Here is one of the stranger paragraphs that I’ve read from Bradbury, but it somehow works within the context of the story:
Inside Mrs. O’Brian’s kitchen, pies were baking in the oven. Soon the pies would come out with complexions like Mr. Ramirez’ – brown and shiny and crisp, with slits in them for the air almost like the slits of Mr. Ramirez’ dark eyes. The kitchen smelled good.
For the August edition of Bradbury of the Month, I read another of Bradbury’s literature-laced stories, “The Exiles”. I first heard of this story from Jay over at Bibliophilopolis.
In the year 2120, horror stories have been banned and most books destroyed. This includes the likes of Edgar Allan Poe, Ambrose Bierce, William Shakespeare and Charles Dickens. These authors, along with their imaginary creations, live in exile on Mars. As a rocket ship from Earth travels toward Mars, the three witches from MacBeth attempt to prevent it’s arrival. Poe takes center stage in the group of authors as he discusses the possibility of no longer existing.
I enjoyed the touch of humor as Dickens continuously insists he is not a writer of horror stories even if ghosts occasionally showed up in his writing.
As I’ve come to expect, Bradbury writes incredible descriptions expecially of Poe, himself:
He was like a satan of some lost, dark cause, a general arrived from a derelict invasion. His silky, soft black mustache was worn away by his musing lips.
As the battle to live takes on epic proportions, the reader begins to see where Bradbury sees true horror:
And there were hating serpents and angry demons and fiery bronze dragons and spitting vipers and trembling witches like the barbs and nettles and thorns and all the vile flotsam and jetsam of the retreating sea of imagination, left on the melancholy shore, whining and frothing and spitting.
As Jay mentioned in his post, it’s easy to see in “The Exiles” the beginnings of Bradbury’s novel Fahrenheit 451.
For the July edition of Bradbury of the Month, I picked up another collection of Ray Bradbury stories, One More for the Road, that I found at the library and settled on his story “The F. Scott/Tolstoy/Ahab Accumulator”, the intriguing title being the main reason for selecting it.
It shouldn’t come as a surprise to any Bradbury fan that this story involves time travel and the time machine looks much like a butterfly. The narrator of “The F. Scott/Tolstoy/Ahab Accumulator” determines that he will use the machine to try to change the lives of some great writers of whom at least several died not realizing how great they would eventually be considered.
Yes, the story is a tad gimmicky and just a tad sentimental; however, Bradbury makes it work. And in a turn both humorous and amazing, Bradbury manages to write in the same style as the author being visited but still make the story flow and still make the story completely his own. The time traveler’s conversation with Ernest Hemingway contains short, choppy remarks without indication of who is saying what.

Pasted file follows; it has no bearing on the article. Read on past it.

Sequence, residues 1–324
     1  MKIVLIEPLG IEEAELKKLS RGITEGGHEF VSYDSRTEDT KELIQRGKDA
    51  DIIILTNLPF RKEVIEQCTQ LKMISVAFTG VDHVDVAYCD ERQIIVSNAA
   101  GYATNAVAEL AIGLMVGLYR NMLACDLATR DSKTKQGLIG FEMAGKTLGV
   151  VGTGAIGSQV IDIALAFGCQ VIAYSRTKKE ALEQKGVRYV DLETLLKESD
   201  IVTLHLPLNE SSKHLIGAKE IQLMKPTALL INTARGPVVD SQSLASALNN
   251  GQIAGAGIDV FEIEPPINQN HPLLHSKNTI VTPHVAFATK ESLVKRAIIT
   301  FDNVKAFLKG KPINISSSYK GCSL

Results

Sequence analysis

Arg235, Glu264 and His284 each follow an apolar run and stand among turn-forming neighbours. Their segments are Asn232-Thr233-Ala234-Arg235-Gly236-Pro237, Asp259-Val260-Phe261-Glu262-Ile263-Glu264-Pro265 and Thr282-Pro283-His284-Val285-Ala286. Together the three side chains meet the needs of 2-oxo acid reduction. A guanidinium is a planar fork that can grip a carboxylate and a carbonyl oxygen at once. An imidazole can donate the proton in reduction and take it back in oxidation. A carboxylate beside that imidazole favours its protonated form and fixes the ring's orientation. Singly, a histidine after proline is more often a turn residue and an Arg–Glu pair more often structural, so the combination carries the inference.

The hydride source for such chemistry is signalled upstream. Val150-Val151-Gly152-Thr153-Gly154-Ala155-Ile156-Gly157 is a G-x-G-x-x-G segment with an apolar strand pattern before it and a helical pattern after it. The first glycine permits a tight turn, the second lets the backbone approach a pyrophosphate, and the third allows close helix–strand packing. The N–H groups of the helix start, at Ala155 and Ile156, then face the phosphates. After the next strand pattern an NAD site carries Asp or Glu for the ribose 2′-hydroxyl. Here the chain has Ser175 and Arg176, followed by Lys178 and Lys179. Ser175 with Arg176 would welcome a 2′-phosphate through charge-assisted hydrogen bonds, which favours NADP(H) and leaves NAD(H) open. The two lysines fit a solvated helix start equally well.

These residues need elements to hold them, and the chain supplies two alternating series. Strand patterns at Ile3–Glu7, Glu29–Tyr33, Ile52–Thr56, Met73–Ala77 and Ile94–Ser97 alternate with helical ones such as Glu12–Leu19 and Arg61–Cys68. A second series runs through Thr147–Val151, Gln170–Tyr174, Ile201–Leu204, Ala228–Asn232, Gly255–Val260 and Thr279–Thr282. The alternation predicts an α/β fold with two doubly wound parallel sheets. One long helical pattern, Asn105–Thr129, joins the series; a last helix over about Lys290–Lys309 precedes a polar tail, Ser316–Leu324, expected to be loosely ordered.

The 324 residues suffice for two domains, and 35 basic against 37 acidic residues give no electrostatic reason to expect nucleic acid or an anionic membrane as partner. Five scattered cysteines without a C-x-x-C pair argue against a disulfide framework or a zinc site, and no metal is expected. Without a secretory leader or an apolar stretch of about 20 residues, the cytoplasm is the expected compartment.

Anyone who loves books and loves reading is going to at least appreciate the sentiments the narrator explains to those he visits and achingly wonder if something could have changed for these writers. He does manage to “change history” in one instance.
In his best Melville, Bradbury writes a wonderful paragraph about libraries:
…it firms a man’s bones, brightens his eye, tunes his ear. Thus a man is renewed breath by breath, when he swims the library deeps where multitudinous blind creatures wait. Your mind says rise and they swarm, overbrim, drown you with their stuffs. Drowned but alive, you are the atoll it floods without end. Thus, you are no mere reader, but a survivor of tides that surf from Shakespeare to Pope to Moliere. Those lighthouses of being. Go there to survive the storms.
It’s already June and that means I’m half-way through “Bradbury of the Month”, my first Annual Featured Author. For this month, I picked Ray Bradbury’s short story “The Flying Machine”. A title like this won’t come as a surprise for anyone who has read much of Bradbury’s short stories and novels. For me, what did come as a surprise is that it’s a well-crafted Chinese fairly tale.
A Chinese emperor in A.D.400 becomes aware, by way of a servant, that one of his subjects can fly. As the emperor watches the man flying he understands the beauty of it. At the same time, something about this beauty threatens him. The reasons that power tends to stamp out beauty becomes the themes of the story and raises great questions about art and government. I feel like I say this every month, but I think “The Flying Machine” could be my favorite Bradbury story that I’ve read this year. And one of his best all around.
Of course, as usual, I had to think about which passage from the story I should post here. There are so many to choose from but I finally decided on this one:
And in the sky, laughing so high that you could hardly hear him laugh, was a man; and the man was clothed in bright papers and reeds to make wings and a beautiful yellow tail, and he was soaring all about like the largest bird in a universe of birds, like a new dragon in a land of ancient dragons.